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Summertime is right around the corner, and the kids want to play. Maybe your plans are to get some gardening done or visit every local park in your area. Maybe you have big plans for a family vacation, with trips to the beach and hiking included. No matter what you’re doing this summer, the warm weather and bright sun are going to fill you with energy and get your kids eager to go adventuring.

But all that activity outside can bring dehydration with it. The more time spent in the sun, the faster you dehydrate your body, and severe dehydration can contribute to emergency medical conditions like heat exhaustion and heat stroke.

What is dehydration?

Dehydration is the what happens when someone loses more fluids that they take in, meaning that your body no longer has enough water to carry out normal functions. This happens most notably when we’re exercising and start to get sweaty. Your body is losing fluid and water when it sweats, which means you need to take a rest and get some water!

Isn’t that the same as being thirsty?

While thirst is your body’s way of saying it needs some extra fluids, dehydration is much more than thirst. Think of your body’s hydration like a car’s fuel gauge. Thirst is when the fuel light comes on, warning you that it will run out soon. This means dehydration is what happens when your body’s fuel gauge goes to zero, and you are in drastic needs of fluids.

Symptoms of dehydration can include:

  • Extreme thirst
  • Less frequent urination
  • Fatigue
  • Dizziness
  • Confusion

–And in children or infants, the symptoms can also include:

  • Dry mouth or tongue
  • No tears when they cry
  • Sunken eyes or cheeks
  • Sunken soft spot on the top of the skull
  • Listlessness and irritability

All of these are more than simply being thirsty. If these symptoms persist, despite your efforts to drink fluids, then seek medical attention immediately.

What does dehydration do?

While we have discussed the symptoms of dehydration, it is also important to know what dehydration can cause. Since this condition comes from a lack of fluids, water, and sometimes even a lack of electrolytes, it can be a contributing factor in many emergency situations.

  • Heat Injuries: Water helps to regulate the body’s internal temperature, so when the temperature is high or you’re getting a lot of physical activity in, your body is bound to get hot—this is why you sweat! Without enough water, your body will overheat faster, and this could cause heat cramps, heat exhaustion, or even the life-threatening heatstroke.
  • Urinary and Kidney Problems: Since your kidneys process everything you drink, water always helps them to work quickly and healthier. If you’re suffering from prolonged dehydration, then this could hurt your kidneys and leave your body more susceptible to UTIs, kidney stones, or even kidney failure.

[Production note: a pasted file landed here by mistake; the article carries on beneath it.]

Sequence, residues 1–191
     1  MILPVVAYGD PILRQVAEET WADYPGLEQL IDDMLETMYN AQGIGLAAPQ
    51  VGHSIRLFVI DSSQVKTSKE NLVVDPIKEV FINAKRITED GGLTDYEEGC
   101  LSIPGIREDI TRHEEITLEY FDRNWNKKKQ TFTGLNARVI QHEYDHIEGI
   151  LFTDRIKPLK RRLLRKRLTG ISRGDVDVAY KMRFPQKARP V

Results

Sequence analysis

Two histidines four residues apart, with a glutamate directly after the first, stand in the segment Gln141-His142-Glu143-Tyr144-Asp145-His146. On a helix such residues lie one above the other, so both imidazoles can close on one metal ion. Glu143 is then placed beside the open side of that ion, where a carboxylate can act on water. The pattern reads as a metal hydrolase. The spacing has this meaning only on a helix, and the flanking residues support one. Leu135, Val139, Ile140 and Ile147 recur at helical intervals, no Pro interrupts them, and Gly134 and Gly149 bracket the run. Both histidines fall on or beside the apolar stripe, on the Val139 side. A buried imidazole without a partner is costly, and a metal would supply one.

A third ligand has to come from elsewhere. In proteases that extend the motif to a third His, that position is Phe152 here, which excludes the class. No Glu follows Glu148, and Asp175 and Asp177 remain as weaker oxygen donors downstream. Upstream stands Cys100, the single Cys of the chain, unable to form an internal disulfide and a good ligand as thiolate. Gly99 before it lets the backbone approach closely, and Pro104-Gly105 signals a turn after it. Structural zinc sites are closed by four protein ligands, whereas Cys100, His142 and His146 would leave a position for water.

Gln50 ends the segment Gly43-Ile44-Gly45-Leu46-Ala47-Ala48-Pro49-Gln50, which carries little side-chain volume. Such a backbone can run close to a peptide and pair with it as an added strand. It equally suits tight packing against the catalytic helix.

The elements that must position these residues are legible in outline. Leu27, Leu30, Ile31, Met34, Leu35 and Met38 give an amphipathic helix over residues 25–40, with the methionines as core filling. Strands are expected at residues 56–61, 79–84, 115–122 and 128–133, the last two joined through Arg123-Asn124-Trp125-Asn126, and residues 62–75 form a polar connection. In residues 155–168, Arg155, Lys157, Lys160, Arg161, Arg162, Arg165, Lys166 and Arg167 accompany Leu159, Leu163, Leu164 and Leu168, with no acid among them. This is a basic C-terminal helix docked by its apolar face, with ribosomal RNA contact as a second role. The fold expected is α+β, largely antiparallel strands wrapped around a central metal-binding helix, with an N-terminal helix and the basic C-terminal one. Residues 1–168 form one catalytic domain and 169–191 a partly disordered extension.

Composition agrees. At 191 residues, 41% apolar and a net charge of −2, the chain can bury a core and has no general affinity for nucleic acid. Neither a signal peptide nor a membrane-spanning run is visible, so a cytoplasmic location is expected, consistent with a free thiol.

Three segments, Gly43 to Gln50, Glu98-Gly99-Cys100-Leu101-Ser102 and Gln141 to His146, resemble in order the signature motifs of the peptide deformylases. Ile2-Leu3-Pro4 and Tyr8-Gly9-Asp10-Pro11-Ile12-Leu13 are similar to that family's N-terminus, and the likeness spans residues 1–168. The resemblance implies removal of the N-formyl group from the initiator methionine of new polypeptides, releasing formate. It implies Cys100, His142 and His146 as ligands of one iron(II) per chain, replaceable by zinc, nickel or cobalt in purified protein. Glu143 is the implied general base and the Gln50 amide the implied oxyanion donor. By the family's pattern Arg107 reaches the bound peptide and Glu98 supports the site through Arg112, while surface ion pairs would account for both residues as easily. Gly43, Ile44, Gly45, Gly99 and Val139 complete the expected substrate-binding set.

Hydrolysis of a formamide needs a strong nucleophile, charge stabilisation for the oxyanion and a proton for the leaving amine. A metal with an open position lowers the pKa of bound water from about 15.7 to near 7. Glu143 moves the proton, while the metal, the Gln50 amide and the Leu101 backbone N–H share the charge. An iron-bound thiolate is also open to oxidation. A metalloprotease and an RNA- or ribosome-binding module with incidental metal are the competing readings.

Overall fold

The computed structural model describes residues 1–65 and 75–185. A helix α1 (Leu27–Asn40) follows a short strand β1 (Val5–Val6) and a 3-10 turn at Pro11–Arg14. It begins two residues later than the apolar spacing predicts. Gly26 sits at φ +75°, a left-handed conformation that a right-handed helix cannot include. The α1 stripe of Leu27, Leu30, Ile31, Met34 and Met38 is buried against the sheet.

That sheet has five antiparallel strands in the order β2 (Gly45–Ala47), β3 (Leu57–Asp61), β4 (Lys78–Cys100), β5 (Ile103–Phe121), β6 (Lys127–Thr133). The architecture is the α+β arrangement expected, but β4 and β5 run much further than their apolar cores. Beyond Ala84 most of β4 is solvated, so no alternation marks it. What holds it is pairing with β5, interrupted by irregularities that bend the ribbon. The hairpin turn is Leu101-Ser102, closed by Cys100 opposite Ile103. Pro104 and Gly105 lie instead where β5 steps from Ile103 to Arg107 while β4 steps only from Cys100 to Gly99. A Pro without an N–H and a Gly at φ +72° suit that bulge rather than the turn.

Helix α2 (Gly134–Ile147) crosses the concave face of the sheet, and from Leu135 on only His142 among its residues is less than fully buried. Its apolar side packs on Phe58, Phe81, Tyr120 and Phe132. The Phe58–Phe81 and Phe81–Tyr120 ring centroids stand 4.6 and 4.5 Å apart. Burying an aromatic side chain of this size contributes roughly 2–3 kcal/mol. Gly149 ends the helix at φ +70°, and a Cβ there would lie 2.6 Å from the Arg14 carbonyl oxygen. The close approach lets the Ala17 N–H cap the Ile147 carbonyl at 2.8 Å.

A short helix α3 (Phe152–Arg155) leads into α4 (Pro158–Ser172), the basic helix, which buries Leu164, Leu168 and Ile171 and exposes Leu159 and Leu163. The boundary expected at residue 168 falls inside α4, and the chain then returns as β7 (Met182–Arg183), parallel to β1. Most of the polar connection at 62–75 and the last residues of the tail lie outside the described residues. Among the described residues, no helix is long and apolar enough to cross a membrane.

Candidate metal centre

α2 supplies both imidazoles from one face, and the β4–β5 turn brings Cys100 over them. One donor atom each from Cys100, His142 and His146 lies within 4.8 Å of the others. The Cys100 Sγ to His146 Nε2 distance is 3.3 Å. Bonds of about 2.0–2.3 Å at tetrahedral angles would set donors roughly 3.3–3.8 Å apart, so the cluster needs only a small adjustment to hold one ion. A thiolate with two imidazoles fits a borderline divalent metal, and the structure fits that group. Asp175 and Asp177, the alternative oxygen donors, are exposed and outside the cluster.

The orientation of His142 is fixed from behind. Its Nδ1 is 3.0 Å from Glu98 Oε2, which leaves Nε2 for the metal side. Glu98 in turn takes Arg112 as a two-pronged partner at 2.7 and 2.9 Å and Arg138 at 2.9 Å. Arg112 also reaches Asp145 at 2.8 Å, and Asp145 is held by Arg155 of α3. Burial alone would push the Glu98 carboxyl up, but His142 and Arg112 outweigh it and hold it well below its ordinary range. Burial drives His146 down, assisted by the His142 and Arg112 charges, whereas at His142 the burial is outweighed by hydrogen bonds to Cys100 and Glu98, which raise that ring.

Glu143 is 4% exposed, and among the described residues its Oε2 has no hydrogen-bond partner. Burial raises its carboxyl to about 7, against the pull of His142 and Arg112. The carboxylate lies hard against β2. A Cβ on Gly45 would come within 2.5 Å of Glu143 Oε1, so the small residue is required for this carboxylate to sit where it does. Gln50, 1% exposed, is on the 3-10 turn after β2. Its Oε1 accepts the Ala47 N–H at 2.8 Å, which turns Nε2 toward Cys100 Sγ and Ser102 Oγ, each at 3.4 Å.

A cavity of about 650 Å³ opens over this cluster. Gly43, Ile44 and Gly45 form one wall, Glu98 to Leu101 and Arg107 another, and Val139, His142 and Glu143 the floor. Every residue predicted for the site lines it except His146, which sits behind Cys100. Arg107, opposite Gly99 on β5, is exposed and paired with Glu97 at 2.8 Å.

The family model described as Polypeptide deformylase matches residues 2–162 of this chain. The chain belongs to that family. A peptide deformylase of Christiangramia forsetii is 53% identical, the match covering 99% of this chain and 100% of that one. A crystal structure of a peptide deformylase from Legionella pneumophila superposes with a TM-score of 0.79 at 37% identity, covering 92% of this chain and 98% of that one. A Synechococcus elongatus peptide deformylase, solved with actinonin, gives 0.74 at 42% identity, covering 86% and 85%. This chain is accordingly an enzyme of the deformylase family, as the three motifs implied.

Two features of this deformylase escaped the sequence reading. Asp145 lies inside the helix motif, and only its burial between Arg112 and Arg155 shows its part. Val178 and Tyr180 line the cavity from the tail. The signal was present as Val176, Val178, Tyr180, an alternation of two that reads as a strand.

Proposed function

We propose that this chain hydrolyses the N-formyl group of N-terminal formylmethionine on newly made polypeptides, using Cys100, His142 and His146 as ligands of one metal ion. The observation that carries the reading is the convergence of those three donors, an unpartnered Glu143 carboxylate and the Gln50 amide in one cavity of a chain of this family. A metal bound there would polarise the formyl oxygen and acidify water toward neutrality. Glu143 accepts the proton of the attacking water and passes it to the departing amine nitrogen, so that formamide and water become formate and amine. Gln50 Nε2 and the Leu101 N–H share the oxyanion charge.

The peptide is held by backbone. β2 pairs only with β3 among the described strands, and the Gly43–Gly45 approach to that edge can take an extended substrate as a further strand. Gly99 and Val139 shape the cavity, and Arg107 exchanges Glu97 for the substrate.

• Seizures: When your body gets dehydrated, it often loses electrolytes as well. Electrolytes, like potassium and sodium, help the carry electrical signals between cells, and if they are out of balance, these electrical signals can get mixed up. This can lead to involuntary muscle contractions and even cause you to lose consciousness! This is why it is helpful to drink electrolyte replenishing sports drinks, as well as water, when rehydrating.
  • Hypovolemic Shock: This term refers to the occurrence of low blood pressure that results from a low blood volume in the body. Lower blood volume and lower blood pressure both restrict the spread of oxygen throughout the body, which makes hypovolemic shock an emergency medical condition. This condition can be caused by severe dehydration, though it takes usually takes a long time for dehydration to effect someone this strongly.

Dehydration might start as something small. Feeling very thirsty or getting a small headache in the middle of the day. But when dehydration is neglected, it can cause serious health emergencies. This is why it is important to drink water throughout the day, and make sure you have extra water and electrolyte heavy drinks with you when you spend a lot of time outside this summer.

In the case that any dehydration emergencies occur, don’t worry! New Braunfels ER is open 24/7, even on holidays, and is always ready to treat emergency medical conditions.

Nutex Health, Inc. supports you and your family’s health. Come visit New Braunfels ER or any one of our concierge-level freestanding facilities for the emergency care you deserve, 24 hours a day, 365 days a year.